Global Apartheid and Systems of Exclusion: Allan Aubrey Boesak

We are pleased to publish, with his permission, a paper delivered by Dr Allan Aubrey Boesak at the Chile Conference on Palestine and Latin American Churches on 5 November 2022. His presentation was entitled Global Apartheid and Systems of Exclusion “This Wall Has No Future”

“Every time right minded Black South Africans have the opportunity to visit Israel/Palestine, they come away with a profound sense of shock, and it is the shock of recognition, of profound disorientation, of relived trauma: this is apartheid. It is the sense that something as irrelevant as the colour of one’s skin or what is called “racial identity” has condemned you from birth. It is the onslaught upon your dignity through discrimination, a thousand humiliations every day in every imaginable situation, and the relentless, deliberate process of dehumanisation. 

      It is the sense not only that your very life is being threatened at every turn, but that your life does not matter. It is the ongoing tragedies of dispossession through land theft and forced removals, destruction of property, and devastation of communities, legalised and legitimised by the law and enforced by the violence of the state. It is the myriad ways in which one is told that one has no place in the country of one’s birth. And it is always the violence: systemic, structural, physical, pervasive, and permanent. 

      Since 1948, South Africa, with its draconian, racist, white supremacist, and exclusivist policies had set the world a particularly vicious model of oppression and discrimination, injustice and exploitation. They called that system “apartheid”. So much had that system impacted the world,  that we may speak today of a phenomenon called “global apartheid” which includes socio-economic inequalities and relentless exploitation, political and social exclusion, racial and ethnic discrimination, as well as gender injustice and heteronormative oppression. The common element here is not so much dominance of the racial element as the systemic, violent, pervasive, and totalitarian nature of that oppression.        The general reference globally today is the division of the world between the so-called 1% and the 99%, made crystal clear in Oxfam’s annual reports: In January 2017,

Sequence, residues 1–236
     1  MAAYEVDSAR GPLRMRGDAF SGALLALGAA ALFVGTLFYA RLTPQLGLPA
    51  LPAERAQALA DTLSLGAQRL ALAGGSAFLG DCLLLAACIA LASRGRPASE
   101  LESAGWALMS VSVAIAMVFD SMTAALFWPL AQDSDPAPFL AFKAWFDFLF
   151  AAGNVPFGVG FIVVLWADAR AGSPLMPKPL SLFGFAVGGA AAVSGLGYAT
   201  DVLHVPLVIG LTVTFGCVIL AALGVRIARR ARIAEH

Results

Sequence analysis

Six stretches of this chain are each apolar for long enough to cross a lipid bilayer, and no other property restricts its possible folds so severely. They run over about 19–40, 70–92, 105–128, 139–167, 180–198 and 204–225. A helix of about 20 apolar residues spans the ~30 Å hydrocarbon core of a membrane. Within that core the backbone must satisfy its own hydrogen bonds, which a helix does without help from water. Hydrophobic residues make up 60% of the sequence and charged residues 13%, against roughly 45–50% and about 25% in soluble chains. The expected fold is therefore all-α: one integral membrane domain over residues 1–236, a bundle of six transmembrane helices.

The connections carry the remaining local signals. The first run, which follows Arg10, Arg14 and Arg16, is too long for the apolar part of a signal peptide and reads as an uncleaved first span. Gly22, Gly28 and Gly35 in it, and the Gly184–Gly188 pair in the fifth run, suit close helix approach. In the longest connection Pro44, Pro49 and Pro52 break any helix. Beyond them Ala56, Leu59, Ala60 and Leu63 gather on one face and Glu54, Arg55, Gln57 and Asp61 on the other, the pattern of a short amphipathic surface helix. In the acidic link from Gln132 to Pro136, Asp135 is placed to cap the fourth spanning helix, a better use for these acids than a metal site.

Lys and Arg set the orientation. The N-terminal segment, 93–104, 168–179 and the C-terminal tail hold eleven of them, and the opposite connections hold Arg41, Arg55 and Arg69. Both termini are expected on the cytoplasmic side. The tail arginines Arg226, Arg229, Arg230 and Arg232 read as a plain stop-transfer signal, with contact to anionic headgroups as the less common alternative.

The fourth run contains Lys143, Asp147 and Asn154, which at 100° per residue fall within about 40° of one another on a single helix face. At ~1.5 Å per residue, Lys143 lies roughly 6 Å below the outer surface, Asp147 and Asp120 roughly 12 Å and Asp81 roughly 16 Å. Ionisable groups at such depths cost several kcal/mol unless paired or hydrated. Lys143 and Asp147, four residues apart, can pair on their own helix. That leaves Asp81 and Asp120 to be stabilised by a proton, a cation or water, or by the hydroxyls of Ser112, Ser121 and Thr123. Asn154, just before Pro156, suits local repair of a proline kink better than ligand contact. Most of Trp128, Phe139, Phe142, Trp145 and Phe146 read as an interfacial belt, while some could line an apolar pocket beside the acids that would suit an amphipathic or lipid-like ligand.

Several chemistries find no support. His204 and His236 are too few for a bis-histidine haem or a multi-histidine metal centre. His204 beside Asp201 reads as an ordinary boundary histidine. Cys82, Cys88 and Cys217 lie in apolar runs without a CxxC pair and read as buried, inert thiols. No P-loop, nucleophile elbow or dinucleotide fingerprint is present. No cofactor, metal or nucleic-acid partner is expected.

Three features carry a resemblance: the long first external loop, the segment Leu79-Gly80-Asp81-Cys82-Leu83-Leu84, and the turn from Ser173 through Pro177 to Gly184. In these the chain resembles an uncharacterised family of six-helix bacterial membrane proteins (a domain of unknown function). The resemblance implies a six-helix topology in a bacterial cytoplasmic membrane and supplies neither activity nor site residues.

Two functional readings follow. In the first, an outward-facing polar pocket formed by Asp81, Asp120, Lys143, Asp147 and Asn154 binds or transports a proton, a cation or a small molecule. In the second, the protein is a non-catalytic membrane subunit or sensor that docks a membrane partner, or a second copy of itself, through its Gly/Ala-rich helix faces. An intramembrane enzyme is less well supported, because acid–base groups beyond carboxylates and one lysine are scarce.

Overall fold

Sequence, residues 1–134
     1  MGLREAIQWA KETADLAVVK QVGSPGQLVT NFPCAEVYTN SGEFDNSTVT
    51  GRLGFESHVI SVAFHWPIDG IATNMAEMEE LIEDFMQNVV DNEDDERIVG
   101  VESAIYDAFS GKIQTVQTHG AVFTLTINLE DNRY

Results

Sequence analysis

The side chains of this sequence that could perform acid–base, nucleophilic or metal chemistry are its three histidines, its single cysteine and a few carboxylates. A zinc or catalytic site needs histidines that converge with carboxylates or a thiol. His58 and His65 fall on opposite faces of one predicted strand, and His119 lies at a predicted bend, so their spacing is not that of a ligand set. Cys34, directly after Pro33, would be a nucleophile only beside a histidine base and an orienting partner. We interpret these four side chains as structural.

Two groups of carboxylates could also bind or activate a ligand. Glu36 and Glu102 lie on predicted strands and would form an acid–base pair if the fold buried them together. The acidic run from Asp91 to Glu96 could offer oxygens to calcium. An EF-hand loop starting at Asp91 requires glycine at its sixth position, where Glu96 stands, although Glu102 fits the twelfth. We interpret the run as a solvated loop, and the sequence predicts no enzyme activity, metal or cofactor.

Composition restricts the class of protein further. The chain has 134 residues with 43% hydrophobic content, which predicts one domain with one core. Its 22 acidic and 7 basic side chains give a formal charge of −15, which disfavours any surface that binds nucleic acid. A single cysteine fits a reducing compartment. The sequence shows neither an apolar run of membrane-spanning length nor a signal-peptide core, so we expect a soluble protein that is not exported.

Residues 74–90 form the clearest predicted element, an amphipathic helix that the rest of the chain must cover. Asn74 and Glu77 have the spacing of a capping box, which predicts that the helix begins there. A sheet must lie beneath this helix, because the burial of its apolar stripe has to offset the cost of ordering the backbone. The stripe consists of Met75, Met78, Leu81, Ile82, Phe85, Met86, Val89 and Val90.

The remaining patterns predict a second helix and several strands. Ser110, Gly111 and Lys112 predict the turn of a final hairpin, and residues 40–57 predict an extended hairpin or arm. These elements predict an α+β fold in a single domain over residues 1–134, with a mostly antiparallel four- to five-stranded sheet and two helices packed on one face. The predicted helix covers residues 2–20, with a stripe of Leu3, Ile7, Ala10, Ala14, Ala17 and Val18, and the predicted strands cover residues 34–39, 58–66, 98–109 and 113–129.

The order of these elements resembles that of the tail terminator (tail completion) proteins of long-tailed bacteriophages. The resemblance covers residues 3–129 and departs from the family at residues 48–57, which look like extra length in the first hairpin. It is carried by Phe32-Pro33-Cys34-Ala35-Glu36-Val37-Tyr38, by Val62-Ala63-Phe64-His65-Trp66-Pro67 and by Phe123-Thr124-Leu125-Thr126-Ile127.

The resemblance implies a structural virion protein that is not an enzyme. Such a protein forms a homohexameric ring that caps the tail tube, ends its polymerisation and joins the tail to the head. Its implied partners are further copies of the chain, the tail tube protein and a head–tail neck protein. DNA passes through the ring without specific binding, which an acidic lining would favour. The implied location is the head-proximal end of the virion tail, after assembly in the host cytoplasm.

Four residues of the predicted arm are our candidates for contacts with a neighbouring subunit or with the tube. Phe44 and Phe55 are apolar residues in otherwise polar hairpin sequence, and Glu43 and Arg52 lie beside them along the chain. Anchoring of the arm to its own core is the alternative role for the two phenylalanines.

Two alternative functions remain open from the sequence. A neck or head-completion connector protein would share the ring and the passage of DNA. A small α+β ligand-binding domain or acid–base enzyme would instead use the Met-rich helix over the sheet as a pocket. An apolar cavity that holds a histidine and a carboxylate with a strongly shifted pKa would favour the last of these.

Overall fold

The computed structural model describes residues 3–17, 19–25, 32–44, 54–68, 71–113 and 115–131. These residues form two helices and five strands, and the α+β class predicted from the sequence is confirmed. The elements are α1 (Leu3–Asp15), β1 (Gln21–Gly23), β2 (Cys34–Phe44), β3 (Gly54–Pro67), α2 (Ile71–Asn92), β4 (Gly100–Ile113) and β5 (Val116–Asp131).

Oxfam reported just 8 white men own as much wealth as half the world’s population. One in nine people do not have enough to eat and more than 1 billion people live on less than $1.25 a day. In 2020, Oxfam reported that in 2018 billionaire fortunes grew by $2.5 billion a day while the 3.8 billion of the poorest half of humanity saw their wealth decline by 11%.  Last month, Oxfam told us this:

“As poverty levels increased to record levels and workers struggled with decades-high prices, two thirds of the world’s countries failed to raise their minimum wages in line with economic growth. Despite huge pressure on government finances, 143 out 161 countries froze that rates on their riches citizens, and 11 countries even lowered them.”      

From Oxfam’s most recent report:

“The wealth of the world’s 10 richest men has doubled since the pandemic began. The incomes of 99% of humanity are worse off because of COVID-19. Widening economic, gender, and racial inequalities—as well as the inequality that exists between countries—are tearing our world apart.

This is not by chance, but choice: “economic violence” is perpetrated when structural policy choices are made for the richest and most powerful people. This causes direct harm to us all, and to the poorest people, women and girls, and racialized groups most. Inequality contributes to the death of at least one person every four seconds.”

Global apartheid is not only real, it is growing, and the greatest victims are always the poor, the powerless, and the marginalised, especially women and children. 

      The description of Human Rights Watch is frighteningly recognisable when it describes India’s treatment of Dalits – discrimination, denial of access to land, forced labour, degrading working and living conditions, and abuse at the hands of police and higher-caste groups that enjoy the state’s protection – as “hidden apartheid.” In the last few years though, emboldened by an aggressive, state-sanctioned Hindu nationalism it has been much more blatant, much more openly violent, and much more shameless. 

       The term “Global Apartheid” expresses our understanding that apartheid is a system of governance, expressed in policies and actions that may occur anywhere and under different circumstances. In recent years, since the outbreak of COVID-19, the disparities as a result of socio-economic inequalities, one of the most glaring forms of global apartheid, and the disproportionate suffering of the poor, the marginalised, and people of colour across the world, evidenced how powerfully relevant the term had become.  

Download Dr Boesak’s entire paper here